Embedded system design: NI’s next frontier
Noting that “programming languages have a lifespan of about 50 years,” National Instruments president and CEO Dr. James Truchard laid out a new vision for the next 30 years of innovation at his company during the NI Week conference and exhibition, in Austin, TX. Truchard was marking the 20th anniversary of NI's LabView software, which has evolved from a desktop instrument control an...
Noting that “programming languages have a lifespan of about 50 years,” National Instruments president and CEO Dr. James Truchard laid out a new vision for the next 30 years of innovation at his company during the NI Week conference and exhibition, in Austin, TX. Truchard was marking the 20th anniversary of NI’s LabView software, which has evolved from a desktop instrument control and data acquisition tool into an integrated design, control and test platform for desktop, industrial, embedded and handheld applications.
LabView will expand into system design in the next 30 years, said Truchard, and “we plan to do for embedded systems what the PC did for the desktop.”
Programmable integrated circuits, specifically field programmable gate arrays (FPGAs), are the next frontier for National Instruments. Vice president of R&D Tim Dehne said 20% of all LabView applications today involve custom circuitry, and machine builders are increasingly using custom FPGAs to get the performance they need. FPGAs have 10 times the logic elements compared to three years ago, he said, and development of these embedded systems is taking much longer. So National Instruments is extending its expertise in creating virtual instrumentation to creating custom FPGAs. “LabView FPGA takes customizable chips and brings them to end-users,” he said.
The new LabView FPGA Wizard, which is part of LabView 8.20, automatically generates I/O code and timing structures to quickly design prototypes directly in FPGA hardware for custom, real-time I/O systems. Engineers can implement these FPGA-based targets on plug-in boards in a standard desktop PC or in NI’s PXI and CompactRIO hardware.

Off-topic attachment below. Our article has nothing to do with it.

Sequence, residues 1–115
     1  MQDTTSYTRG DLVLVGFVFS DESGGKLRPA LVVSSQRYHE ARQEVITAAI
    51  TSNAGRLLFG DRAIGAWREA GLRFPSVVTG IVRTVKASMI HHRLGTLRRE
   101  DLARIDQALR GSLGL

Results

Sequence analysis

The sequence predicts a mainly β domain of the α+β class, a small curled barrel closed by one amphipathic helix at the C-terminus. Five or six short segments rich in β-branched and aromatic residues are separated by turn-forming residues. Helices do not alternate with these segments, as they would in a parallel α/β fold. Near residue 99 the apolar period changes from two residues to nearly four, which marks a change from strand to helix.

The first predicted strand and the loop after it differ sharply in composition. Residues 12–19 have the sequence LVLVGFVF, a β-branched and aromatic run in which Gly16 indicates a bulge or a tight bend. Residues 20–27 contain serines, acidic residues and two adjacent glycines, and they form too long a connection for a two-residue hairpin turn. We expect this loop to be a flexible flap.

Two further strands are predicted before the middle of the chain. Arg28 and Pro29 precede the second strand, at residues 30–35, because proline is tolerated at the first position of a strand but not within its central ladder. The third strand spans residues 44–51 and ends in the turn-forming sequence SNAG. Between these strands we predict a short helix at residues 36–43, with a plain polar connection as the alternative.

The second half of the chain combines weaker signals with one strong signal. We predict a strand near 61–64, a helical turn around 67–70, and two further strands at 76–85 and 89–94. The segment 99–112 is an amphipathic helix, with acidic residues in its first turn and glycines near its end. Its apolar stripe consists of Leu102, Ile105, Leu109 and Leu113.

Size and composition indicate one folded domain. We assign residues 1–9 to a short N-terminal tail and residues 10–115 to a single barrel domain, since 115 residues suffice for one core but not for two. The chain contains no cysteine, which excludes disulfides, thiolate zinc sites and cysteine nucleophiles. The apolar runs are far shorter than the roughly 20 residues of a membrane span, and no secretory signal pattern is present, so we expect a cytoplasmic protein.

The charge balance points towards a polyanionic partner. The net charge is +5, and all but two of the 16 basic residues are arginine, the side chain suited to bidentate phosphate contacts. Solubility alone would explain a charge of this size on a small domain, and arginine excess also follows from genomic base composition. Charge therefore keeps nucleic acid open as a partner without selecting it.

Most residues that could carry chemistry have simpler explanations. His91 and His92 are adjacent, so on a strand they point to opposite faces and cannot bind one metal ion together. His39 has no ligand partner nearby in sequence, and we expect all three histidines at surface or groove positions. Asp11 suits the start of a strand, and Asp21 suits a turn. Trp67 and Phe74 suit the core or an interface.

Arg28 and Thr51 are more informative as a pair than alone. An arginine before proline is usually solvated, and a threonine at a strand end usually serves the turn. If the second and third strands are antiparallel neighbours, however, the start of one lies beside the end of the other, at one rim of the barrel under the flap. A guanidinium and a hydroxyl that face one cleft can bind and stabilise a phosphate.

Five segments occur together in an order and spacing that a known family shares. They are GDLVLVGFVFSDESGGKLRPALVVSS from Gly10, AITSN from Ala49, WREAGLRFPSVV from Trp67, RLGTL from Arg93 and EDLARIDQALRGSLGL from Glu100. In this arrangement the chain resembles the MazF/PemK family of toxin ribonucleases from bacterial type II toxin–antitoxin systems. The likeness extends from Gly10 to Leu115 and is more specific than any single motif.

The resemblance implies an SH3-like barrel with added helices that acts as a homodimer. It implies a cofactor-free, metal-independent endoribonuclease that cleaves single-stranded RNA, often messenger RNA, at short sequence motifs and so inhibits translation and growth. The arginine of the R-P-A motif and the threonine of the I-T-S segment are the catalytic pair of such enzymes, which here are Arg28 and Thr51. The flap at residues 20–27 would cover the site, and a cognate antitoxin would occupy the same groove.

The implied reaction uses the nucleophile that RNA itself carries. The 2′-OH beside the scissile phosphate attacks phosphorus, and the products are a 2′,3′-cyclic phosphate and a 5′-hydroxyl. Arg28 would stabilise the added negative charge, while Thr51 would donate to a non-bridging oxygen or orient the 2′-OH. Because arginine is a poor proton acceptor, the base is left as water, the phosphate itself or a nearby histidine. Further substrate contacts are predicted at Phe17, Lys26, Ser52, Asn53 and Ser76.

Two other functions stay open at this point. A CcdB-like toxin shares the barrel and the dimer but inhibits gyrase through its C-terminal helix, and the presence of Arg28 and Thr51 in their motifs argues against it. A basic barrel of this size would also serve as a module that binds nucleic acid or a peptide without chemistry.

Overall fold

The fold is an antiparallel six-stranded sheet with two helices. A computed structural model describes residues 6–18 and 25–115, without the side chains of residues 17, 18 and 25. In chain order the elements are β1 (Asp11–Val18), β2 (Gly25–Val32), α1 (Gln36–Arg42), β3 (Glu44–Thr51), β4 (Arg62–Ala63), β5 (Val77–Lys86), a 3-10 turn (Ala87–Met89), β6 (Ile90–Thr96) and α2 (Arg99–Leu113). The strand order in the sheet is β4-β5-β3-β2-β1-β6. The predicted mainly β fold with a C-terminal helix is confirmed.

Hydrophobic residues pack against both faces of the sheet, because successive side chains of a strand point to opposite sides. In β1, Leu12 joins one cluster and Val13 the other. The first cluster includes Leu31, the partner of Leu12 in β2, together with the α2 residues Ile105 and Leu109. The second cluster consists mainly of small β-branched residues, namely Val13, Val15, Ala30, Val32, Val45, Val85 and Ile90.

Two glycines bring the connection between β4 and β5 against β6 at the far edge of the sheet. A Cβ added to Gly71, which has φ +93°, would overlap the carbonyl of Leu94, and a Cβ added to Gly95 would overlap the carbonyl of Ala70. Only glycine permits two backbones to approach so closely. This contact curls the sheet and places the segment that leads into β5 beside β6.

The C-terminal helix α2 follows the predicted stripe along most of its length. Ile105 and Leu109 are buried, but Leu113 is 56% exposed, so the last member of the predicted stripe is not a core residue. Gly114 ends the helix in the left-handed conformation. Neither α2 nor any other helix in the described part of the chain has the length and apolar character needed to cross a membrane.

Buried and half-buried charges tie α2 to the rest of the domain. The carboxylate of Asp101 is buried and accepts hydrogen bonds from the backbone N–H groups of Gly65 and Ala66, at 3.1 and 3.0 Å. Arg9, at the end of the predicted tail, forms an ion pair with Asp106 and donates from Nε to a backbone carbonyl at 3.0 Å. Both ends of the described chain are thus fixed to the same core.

With the LabView 8.20 Embedded Development Module, engineers can run LabView algorithms on 32-bit microprocessor-based custom designs. New embedded targets supported in the LabView 8.20 Embedded Module include TI 6713 and Philips ARM7 229x processors, as well as QNX and MonteVista Linux embedded operating systems.
For FPGA-based development, engineers can use new machine monitoring IP libraries and add third-party IP through the VHDL node in the LabView FPGA Module. Third-party IP cores available for LabView FPGA have been validated by Xilinx, Celoxica and Impulse C.
LabView 8.20 also extends the LabView graphical dataflow language with native support for text-based math with MathScript. Engineers can integrate existing m-files created using the Matlab software, or mix LabView graphical and text-based approaches. LabView 8.20 also can incorporate algorithms from Maplesoft Maple, Mathsoft Mathcad, and Scilab software. www.ni.com